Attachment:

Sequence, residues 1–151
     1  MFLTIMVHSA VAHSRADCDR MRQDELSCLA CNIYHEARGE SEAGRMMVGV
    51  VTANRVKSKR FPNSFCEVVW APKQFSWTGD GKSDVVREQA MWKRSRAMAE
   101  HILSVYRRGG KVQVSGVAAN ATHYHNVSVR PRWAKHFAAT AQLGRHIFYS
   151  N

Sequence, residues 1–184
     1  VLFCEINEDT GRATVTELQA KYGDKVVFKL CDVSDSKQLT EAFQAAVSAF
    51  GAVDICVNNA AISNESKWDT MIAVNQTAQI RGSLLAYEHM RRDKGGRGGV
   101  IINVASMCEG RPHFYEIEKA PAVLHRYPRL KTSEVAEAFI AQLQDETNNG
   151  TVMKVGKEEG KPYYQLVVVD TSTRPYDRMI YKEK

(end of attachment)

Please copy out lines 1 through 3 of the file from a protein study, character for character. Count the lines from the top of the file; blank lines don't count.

Sequence, residues 1–151
     1  MFLTIMVHSA VAHSRADCDR MRQDELSCLA CNIYHEARGE SEAGRMMVGV
    51  VTANRVKSKR FPNSFCEVVW APKQFSWTGD GKSDVVREQA MWKRSRAMAE